formatting, by the computing device, the header portion of the plurality of secure electronic files to include at least security information, wherein the security information includes at least encryption structure information, access rules to control access to the plurality of secure electronic files, user groups that are authorized to access the plurality of secure electronic files, and secrets used to decrypt the plurality of secure electronic files, wherein the secrets are associated with the user groups and security clearance levels authorized to access the plurality of secure electronic files, and wherein the access rules limit the availability of the secrets to requestors that:
are members of a user group that is authorized to access the plurality of secure electronic files; and
possess a security clearance level authorized to access the plurality of secure electronic files, wherein the security clearance level is associated with respective content types and confidentiality levels of the plurality of secure electronic files;
wherein the encryption structure information interrelates the access rules, the user groups, and the secrets to describe the multi-stage encryption process or decryption thereof.
17. The computer-implemented method as recited in claim 16, wherein the data portion is decrypted with a first key, and wherein the secrets are encrypted.
18. The computer-implemented method as recited in claim 17, wherein the secrets are keys, and wherein one of the secrets is the first key.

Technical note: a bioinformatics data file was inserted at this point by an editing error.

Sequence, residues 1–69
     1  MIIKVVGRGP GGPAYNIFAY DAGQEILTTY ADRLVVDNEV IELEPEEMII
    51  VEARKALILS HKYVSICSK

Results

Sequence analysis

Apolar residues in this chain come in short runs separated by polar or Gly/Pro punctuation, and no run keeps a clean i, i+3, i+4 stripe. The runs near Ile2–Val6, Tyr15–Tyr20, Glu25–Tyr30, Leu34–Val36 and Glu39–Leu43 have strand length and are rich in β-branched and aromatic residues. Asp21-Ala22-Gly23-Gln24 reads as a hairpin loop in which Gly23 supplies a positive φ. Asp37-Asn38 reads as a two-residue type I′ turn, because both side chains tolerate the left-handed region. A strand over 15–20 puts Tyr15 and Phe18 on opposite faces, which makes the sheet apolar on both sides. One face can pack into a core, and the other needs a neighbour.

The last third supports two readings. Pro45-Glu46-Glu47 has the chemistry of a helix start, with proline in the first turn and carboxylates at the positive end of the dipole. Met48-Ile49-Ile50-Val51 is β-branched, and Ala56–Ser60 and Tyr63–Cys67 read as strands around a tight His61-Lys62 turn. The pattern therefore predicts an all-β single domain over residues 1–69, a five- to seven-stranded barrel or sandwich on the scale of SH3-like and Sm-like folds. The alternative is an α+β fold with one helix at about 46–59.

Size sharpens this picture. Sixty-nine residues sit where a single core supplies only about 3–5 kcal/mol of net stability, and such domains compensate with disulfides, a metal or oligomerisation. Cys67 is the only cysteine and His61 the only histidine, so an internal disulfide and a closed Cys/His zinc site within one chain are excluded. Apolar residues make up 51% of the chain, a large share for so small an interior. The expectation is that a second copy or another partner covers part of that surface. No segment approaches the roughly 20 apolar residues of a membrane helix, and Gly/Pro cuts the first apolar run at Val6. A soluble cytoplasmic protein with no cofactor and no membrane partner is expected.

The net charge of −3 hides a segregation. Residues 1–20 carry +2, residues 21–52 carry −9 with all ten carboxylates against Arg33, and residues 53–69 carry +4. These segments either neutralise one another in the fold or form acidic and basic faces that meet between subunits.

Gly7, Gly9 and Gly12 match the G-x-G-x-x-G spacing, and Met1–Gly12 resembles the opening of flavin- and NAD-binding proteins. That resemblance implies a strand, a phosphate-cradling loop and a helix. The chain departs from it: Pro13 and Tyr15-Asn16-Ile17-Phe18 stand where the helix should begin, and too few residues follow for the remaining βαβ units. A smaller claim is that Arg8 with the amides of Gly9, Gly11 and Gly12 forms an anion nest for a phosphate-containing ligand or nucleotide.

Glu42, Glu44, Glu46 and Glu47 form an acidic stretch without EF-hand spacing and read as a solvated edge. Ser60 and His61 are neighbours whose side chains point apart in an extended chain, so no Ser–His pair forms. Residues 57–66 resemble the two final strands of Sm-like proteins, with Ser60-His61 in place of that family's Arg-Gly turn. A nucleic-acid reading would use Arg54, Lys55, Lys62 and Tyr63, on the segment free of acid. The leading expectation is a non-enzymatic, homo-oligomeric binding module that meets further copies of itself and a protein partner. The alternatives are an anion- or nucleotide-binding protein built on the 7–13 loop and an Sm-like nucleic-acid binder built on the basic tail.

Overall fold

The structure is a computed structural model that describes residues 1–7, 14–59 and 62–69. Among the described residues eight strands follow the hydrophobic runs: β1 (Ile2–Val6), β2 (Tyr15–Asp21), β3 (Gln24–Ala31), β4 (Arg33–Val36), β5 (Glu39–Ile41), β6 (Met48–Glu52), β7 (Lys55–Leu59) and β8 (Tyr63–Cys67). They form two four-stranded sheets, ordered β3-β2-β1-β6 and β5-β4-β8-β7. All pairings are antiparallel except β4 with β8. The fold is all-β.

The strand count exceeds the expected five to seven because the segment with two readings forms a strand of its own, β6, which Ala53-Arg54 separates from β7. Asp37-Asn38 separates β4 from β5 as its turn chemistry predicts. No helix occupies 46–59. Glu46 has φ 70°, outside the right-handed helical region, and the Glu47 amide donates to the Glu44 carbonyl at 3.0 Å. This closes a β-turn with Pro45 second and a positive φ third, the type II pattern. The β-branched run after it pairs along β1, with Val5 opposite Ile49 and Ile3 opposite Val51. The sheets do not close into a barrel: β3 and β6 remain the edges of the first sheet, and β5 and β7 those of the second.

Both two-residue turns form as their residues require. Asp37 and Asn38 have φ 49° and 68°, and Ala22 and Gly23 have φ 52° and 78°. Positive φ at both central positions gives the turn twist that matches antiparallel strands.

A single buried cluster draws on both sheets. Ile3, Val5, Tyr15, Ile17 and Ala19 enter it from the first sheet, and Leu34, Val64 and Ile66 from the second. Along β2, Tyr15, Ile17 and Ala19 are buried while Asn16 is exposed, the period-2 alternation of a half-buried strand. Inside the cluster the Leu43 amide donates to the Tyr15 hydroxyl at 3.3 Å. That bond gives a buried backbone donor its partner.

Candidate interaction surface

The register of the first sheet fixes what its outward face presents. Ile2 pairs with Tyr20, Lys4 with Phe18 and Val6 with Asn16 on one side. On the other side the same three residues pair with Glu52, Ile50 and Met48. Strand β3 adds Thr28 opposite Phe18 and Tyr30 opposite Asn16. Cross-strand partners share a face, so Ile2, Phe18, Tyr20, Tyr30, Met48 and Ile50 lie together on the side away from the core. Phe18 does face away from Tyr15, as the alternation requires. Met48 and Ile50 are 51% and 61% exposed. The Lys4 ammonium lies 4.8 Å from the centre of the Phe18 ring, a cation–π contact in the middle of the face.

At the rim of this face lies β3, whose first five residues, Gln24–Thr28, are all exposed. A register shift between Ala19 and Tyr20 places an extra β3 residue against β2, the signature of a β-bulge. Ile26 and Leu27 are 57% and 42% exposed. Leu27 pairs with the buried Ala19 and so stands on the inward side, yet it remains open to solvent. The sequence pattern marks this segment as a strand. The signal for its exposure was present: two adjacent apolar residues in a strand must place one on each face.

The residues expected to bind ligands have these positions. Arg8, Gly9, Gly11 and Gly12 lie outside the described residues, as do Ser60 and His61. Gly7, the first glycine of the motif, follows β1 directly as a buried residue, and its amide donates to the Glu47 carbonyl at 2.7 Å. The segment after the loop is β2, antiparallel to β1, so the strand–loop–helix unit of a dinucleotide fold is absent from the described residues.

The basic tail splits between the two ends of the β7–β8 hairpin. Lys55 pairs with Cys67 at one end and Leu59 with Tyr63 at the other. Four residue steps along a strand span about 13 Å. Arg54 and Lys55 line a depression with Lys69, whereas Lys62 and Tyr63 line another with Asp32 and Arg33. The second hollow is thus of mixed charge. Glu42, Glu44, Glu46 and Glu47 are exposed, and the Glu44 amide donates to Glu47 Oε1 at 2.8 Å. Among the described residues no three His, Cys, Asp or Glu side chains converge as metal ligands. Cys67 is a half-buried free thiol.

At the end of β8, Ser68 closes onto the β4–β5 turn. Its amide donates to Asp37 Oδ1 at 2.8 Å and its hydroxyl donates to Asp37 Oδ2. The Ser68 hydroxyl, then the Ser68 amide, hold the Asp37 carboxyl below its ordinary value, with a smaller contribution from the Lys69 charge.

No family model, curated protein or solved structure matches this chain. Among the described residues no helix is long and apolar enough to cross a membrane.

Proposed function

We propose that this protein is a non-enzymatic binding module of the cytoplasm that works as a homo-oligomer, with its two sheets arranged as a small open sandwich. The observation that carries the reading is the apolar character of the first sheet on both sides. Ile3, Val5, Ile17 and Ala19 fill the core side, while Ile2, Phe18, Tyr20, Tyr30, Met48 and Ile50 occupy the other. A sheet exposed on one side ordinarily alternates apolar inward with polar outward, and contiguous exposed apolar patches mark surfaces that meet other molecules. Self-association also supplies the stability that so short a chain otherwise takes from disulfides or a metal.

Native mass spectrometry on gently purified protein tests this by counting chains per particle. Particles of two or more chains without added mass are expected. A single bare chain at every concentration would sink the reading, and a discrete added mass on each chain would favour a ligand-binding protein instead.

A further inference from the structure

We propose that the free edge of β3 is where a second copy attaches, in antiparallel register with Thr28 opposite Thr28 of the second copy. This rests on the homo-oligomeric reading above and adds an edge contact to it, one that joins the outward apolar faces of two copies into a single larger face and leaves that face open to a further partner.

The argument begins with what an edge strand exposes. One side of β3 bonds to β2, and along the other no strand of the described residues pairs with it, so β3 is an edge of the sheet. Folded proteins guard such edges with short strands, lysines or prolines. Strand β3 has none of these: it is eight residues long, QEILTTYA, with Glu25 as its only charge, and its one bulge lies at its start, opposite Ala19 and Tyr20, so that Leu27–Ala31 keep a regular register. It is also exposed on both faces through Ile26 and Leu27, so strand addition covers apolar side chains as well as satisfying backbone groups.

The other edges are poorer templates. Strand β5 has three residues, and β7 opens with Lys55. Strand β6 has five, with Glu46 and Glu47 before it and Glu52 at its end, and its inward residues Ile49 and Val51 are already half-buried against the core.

19. The computer-implemented method as recited in claim 17, wherein the multi-stage encryption structure information protects the first key.
20. The method as recited in claim 16, wherein the access rules are encrypted and are decrypted, by the computing device, with a key associated with a user group corresponding to a particular requestor attempting to gain access to one of the plurality of secure electronic files.
21. The computer-implemented method as recited in claim 16, wherein the access rules are expressed in a descriptive language.
22. The computer-implemented method as recited in claim 21, wherein the descriptive language is a markup language.
23. The computer-implemented method as recited in claim 16, wherein the encryption structure information is expressed in a descriptive language.
24. The computer-implemented method as recited in claim 23, wherein the descriptive language is a markup language.
25. The computer-implemented method as recited in claim 17, wherein the secrets comprise at least a protection key that is secured by at least one of the access rules, wherein the protection key is needed to access the first key.
26. The computer-implemented method as recited in claim 17, wherein the data portion is decrypted, by the computing device, with a first key, and wherein the secrets include at least the first key and a second key, wherein the second key is used in decrypting the first key which is provided in the header portion in an encrypted format.